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Maine Corrections Chief Proposes Takeover of County Jails
02/13/2014   Reported By: Jay Field

Whether one talks to a county jail administrator or the state's corrections commissioner, there is no disagreement that the county jails are in crisis. And that's the word that was circulating around the State House today, where requests for additional money have been made by the State Board of Corrections for operating funds. Meanwhile, Maine's corrections commissioner is proposing a complete takeover of the county jails. A.J. Higgins has more.

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The obstacles facing the state's 15 county jails are almost too numerous to count. There are unpredictable census counts that result in jail overcrowding. There are prisoners who should be held in a psychiatric facility whose problems are being addressed as best they can in a jail. There are transportation issues that sometimes delay or prevent prisoners from making scheduled court appearances. There are ongoing issues around insufficient jail staffing.

And then, as Mark Westrum, the chairman of the State Board of Corrections, and the administrator at the Two Bridges Regional Jail in Wiscasset, points out, there's the bricks-and-mortar issue.

"A lot of our jails are old, they're decaying, they need some major capital improvement, they need infrastructure monies - or they need to be closed, pure and simple," Westrum said. "There's no other way around it."

On Wednesday, Westrum testified before the Legislature's Appropriations Committee, where the board was asking lawmakers to consider finding an additional $2.5 million in the current fiscal year that ends June 30 to help maintain operations at the county facilities.
Westrum says all of the county jails are coping with different problems. Some are overcrowded. Others have empty beds. But in either case, additional funds would help some facilities with staffing.

"The request was not a surprise to us and this is just for FY '14 - they're going to be coming with an additional request for FY '15," Rep. Peggy Rotundo said.

Financial problems at the county jails are not news to Rotundo, the Lewiston Democrat who serves as co-chair of the Appropriations Committee. She says her panel will need to review the issue with more scrutiny at a yet-to-be-scheduled meeting. Rotundo says the need for adequate funding is not necessarily the jails' fault.

"The jails are working as efficiently and effectively as possible using cost-savings methods to try to bring down their costs for food and medication, for example, and some of the jails are working really hard to do that," she said. "There's some outliers as well which we've been concerned about, but we will certainly take their requests very seriously and look at it and hope that they will also continue to look at cost-savings measures so that they can operate as efficiently and effectively as possible."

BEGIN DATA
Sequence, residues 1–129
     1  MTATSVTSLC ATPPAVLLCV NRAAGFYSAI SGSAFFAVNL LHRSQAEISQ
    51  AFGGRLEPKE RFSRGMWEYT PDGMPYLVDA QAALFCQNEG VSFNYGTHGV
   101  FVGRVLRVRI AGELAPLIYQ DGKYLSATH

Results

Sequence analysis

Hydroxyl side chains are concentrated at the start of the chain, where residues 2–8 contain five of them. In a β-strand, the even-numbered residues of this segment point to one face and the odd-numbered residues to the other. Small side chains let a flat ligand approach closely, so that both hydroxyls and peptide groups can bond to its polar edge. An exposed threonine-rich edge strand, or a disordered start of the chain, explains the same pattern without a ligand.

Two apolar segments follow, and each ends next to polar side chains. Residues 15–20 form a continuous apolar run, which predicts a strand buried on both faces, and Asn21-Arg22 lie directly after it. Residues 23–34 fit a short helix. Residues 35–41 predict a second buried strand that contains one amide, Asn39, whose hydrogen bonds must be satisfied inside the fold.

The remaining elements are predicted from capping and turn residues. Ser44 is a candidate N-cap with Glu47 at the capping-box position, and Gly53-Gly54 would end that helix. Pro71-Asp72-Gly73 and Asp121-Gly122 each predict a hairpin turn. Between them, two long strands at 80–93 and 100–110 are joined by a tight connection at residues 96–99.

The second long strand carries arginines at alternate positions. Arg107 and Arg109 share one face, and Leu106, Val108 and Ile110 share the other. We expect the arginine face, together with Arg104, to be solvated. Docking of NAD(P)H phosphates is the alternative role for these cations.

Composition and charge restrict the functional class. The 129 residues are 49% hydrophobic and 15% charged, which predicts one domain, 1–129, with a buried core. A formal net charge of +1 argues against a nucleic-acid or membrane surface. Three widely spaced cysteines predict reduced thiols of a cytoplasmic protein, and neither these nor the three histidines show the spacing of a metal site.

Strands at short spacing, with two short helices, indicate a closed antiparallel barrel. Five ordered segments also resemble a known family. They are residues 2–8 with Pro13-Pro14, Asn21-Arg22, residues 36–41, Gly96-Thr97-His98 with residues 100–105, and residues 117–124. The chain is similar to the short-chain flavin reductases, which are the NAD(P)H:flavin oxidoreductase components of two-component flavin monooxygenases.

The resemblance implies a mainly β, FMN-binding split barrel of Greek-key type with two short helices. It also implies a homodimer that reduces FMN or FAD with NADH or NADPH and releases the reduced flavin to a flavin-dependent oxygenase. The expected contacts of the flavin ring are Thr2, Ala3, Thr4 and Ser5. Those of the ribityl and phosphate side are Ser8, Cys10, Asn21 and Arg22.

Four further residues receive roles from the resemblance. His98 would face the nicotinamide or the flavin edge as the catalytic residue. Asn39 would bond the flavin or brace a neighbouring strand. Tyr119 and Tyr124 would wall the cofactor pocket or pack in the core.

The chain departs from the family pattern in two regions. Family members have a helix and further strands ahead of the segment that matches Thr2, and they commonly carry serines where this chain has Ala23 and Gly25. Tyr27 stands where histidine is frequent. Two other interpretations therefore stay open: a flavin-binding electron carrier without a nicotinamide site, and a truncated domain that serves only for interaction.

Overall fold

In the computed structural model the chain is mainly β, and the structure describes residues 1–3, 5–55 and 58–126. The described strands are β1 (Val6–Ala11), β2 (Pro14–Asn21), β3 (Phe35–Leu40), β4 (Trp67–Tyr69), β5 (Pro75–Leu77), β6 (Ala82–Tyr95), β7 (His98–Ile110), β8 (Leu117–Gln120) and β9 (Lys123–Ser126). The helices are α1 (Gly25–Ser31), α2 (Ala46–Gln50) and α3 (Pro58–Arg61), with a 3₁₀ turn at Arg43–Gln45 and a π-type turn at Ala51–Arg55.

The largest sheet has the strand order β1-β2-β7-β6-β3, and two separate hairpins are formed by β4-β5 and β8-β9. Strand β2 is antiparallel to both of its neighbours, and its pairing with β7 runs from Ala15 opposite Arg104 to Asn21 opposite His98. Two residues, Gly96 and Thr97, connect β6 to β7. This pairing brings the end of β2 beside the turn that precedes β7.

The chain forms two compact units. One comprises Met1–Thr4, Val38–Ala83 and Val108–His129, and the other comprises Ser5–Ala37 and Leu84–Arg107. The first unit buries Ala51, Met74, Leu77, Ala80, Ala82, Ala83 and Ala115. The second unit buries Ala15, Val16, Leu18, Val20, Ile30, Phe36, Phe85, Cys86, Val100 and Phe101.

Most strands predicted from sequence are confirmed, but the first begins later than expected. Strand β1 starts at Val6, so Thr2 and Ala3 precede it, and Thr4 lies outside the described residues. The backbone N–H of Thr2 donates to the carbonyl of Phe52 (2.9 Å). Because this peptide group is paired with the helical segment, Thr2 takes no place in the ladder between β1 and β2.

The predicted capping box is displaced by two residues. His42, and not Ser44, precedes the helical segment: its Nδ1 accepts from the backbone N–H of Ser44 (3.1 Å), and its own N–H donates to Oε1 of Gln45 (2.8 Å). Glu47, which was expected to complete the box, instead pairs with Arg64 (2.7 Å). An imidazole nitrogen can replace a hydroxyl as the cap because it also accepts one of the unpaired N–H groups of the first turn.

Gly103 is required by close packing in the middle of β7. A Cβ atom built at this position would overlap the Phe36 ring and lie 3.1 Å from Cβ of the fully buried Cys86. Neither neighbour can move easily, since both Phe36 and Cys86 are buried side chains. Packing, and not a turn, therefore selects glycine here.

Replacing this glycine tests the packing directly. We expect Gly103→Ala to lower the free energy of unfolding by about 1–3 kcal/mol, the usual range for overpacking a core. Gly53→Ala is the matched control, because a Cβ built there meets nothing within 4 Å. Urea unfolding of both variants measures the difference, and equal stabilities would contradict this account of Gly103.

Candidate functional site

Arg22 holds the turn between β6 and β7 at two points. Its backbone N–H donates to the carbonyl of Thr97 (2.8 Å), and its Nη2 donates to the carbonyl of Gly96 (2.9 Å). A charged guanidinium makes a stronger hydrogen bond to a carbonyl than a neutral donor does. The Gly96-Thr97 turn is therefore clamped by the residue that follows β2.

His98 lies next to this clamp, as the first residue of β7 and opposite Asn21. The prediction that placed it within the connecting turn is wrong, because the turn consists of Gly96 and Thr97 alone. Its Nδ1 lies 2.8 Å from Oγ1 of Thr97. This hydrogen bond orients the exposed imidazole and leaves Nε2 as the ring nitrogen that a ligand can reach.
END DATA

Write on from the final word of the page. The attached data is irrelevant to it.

And on the same day that lawmakers were hearing new funding requests from the jails, legislators on the Criminal Justice and Public Safety Committee were reviewing a letter from state Corrections Commissioner Joseph Ponte, who wants the state to assume the full $80 million cost of running the 15 county jails and take over the system.

First proposed by Democratic Gov. John Baldacci eight years ago, a state takeover of county facilities is a sensitive topic in many parts of the state where the county sheriff and the county commissioners oversee those operations.

Sen. Stan Gerzofsky, a Brunswick Democrat who co-chairs the Criminal Justice and Public Safety Committee, says Ponte's recommendations may actually be well received by some lawmakers who say, 'Why not?' since the state already foots $20 million of county jail costs. Ultimately, Gerzofsky says the prisoners' needs must be met in a way that does not abuse taxpayers - whether they are state or county.

"If we're not going to fix it, the state's going to have to take it over - or the county's going to have to take it over," Gerzofsky said. "The taxpayer is a major loser if the counties take it over."

In the meantime, lawmakers such as Rep. Tom Windsor, a Republican on the Appropriations Committee, continue to weigh their options. Windsor got one suggestion from Mark Westrum, the administrator at the Two Bridges Regional Jail in Wiscasset. "Is there anything that we can do that might make that easier?" Windsor asked.

"I'd say find some money and get some more judges - we really need help getting people through our system, and unfortunately, there's a backlog of inmates that sit in our jails far too long waiting to get into court," Westrum replied.



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